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3 Thoughts On: Mobile UX Concepts


23. Feb. 2023 |

- min Lesezeit

3 Thoughts On: Mobile UX Concepts
As the world becomes increasingly reliant on mobile devices for everything from communication to entertainment, creating a positive user experience (UX) for mobile applications is more important than ever. We all have heard of mobile-first approaches and the change from third to first screen in the past, therefore we as DPM experience deliver more and more mobile app projects. In this blog post, I want to share three thoughts about developing UX concepts...

1. High fidelity, or not to high fidelity?

Becoming aware of how the level of fidelity influences the perception of the concept when presenting it to the customer and the internal team is crucial.

Depending on their experience, the developed concept might be more accessible if the prototype has a higher degree of fidelity, as this is closer to the final product.

A common problem with high-fidelity prototypes is, that people often forget they are just a concept state and start referring to design issues.

In this case, it is crucial to clarify what each deliverable is, so they are not confused by low-fidelity prototypes when they expect designs: what is UX, what is design, what is a concept / click dummy, how do you get from the UX concept to the finished app? It’s all about expectation management.

Some designers also face the challenge of moving away from overly detailed wireframes and coming up with innovative designs. We overcame that issue by teaming up with a UI designer that hasn’t been part of the project and can give unbiased input. This makes it easier for teams to break out of given boundaries.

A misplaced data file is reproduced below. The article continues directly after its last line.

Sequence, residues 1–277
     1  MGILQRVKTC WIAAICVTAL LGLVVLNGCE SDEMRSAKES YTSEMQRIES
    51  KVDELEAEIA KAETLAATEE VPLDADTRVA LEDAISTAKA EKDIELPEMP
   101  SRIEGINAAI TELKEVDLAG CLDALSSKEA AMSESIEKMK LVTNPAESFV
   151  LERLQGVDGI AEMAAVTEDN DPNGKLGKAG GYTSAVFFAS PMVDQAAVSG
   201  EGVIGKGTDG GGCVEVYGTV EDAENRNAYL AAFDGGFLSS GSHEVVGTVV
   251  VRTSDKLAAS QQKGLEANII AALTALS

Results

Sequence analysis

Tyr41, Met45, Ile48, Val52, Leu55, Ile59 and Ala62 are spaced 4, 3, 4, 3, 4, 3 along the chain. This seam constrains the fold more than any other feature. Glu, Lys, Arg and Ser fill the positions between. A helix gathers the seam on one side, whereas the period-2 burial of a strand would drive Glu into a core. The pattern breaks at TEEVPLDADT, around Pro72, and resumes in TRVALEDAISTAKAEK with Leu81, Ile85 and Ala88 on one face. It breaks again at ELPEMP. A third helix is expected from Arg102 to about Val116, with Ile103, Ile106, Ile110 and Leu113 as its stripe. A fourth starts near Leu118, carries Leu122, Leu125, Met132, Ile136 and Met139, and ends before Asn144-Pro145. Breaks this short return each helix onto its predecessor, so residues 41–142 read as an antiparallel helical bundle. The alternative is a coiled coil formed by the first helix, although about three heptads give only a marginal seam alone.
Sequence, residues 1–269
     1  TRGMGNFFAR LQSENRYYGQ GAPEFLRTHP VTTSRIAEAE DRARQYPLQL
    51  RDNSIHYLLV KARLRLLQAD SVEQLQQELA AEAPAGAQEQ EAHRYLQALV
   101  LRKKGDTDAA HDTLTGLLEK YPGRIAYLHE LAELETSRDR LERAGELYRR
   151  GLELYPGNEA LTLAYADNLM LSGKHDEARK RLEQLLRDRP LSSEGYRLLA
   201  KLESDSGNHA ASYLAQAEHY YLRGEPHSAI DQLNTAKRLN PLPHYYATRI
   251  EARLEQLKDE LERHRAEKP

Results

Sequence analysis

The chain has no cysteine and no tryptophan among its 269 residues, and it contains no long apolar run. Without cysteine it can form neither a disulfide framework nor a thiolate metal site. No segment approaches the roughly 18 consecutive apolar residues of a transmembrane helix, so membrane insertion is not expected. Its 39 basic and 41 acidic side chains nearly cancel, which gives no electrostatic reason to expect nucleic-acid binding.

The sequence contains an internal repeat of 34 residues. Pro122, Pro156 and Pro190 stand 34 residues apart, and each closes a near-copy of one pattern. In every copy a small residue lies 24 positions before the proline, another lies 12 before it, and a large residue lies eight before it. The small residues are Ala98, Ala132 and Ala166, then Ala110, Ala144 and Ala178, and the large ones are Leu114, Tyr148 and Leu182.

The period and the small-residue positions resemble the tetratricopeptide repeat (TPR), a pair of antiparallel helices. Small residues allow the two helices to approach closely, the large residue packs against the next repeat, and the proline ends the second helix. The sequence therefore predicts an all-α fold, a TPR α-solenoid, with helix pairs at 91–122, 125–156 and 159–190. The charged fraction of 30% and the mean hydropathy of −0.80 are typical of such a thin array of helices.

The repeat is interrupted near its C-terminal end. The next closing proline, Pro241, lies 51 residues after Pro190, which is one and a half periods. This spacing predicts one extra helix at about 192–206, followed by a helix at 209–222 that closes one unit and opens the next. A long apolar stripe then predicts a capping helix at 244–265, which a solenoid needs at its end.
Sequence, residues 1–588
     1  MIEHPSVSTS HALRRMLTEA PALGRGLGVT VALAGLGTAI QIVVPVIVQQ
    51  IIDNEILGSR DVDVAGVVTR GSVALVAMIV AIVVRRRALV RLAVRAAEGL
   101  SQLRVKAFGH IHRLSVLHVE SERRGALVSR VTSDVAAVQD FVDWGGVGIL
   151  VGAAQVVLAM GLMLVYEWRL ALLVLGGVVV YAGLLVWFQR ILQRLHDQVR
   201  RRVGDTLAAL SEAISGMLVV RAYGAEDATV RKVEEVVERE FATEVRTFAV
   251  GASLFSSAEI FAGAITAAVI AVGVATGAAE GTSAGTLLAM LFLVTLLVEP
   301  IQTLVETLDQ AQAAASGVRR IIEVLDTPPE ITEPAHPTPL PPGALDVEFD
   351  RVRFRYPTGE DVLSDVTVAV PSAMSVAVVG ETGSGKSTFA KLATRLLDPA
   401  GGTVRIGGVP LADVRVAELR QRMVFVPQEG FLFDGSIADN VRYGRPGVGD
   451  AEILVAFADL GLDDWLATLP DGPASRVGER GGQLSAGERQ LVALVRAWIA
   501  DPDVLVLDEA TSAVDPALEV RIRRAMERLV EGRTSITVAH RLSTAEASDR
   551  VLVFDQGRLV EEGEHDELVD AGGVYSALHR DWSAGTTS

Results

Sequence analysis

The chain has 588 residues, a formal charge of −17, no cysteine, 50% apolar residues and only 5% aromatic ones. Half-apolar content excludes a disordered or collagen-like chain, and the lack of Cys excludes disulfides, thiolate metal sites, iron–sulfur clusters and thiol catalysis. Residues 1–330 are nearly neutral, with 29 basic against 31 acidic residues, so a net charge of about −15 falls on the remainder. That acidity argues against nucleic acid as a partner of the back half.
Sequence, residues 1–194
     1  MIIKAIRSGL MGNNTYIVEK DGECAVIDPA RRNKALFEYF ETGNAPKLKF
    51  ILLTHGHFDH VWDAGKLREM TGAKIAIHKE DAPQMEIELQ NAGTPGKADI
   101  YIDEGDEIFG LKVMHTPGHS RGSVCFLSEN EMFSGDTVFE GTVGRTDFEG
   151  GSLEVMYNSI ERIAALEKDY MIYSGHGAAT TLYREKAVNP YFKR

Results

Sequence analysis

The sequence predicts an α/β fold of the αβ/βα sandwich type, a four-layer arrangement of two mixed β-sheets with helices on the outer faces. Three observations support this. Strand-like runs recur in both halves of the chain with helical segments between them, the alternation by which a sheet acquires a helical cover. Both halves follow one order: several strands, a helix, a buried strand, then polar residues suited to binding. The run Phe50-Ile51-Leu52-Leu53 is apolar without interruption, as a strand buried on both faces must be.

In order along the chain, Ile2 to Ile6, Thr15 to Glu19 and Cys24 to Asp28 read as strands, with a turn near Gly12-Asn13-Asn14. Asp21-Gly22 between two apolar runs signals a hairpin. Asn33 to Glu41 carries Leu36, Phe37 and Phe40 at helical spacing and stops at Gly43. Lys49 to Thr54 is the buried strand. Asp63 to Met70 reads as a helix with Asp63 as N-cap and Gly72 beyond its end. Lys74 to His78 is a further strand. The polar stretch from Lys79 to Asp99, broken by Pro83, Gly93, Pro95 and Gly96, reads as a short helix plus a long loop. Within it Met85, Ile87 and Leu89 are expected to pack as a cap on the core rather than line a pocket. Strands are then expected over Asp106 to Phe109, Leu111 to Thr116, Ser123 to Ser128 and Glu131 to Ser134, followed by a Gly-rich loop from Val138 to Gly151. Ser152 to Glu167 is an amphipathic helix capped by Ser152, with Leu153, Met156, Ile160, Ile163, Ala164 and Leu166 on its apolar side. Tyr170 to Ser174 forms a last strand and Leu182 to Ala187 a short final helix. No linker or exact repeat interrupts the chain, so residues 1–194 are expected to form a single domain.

To be fair, this is not exclusively a mobile UX issue. But in project teams with different levels of experience in app development, this is a challenge I often face.

Low fidelity prototypes

  • quick to build, easy to iterate
  • focus on functionality and UX instead of aesthetics
  • better for exploring a rough concept, and user flow before content
  • no (difficult) tooling required, just pen and paper
  • limited user testing and feedback (works only as a moderated test)
  • limited ability to test and refine interactions
  • less inspiring (mostly inadequate for stakeholder communication)

High fidelity prototypes

  • look and feel of the final product (clickable and interactive with aesthetic appeal)
  • suitable for stakeholder presentations
  • more diverse user feedback for detailed concepts (UX, content, functionality, design…)
  • detailed requirements for implementation
  • more effort/budget needed to create and iterate
  • design and content are required
  • advanced tooling is required

2. Dig for gold: Leverage mobile benefits

Free user testing? If there are already similar players in the market, you can get free user insights with the perfect recruitment by simply browsing their reviews in the app stores. You will easily find out what they are doing right or wrong, and what their users wish for. Often, that’s super valuable feedback that you should consider while developing your app concept.

Hardware influences software. Compared to the big brother “web”, there are meanwhile enough possibilities to also make use of various context menus, be it through gesture navigation (swipe-left-right-up-down), multi-finger-gestures (like zoom or two-finger-scroll) or through long-press (or even 3D touch). But even more, the hardware of mobile devices provides possibilities that can hold interesting use cases, such as the use of a camera, microphone, GPS, various sensors (acceleration, tilt), Bluetooth/NFC, and others. Leveraging those built-in benefits can ease the user experience significantly.

3. Putting the need for a ‘Home’ to the test

Needless to say, the home page is the user’s first touch point with the app after opening it, but this means that it should offer unmissable added value in terms of engagement and continued retention (ever got stuck on Instagram’s home and asked what you initially wanted to look at? Gotcha 😉 .)

Especially with MVP concepts, the question of a start page tends to be difficult, as content is only available very limited and there is often a tendency to simply mirror the navigation.

Honestly, ask yourself and answer if this home page is really useful or if you just did it because other applications have a home too. So you can be brave and ditch the classic home page and take the user straight to the app’s highlight feature.

Are you interested in developing a mobile app? Get in contact:

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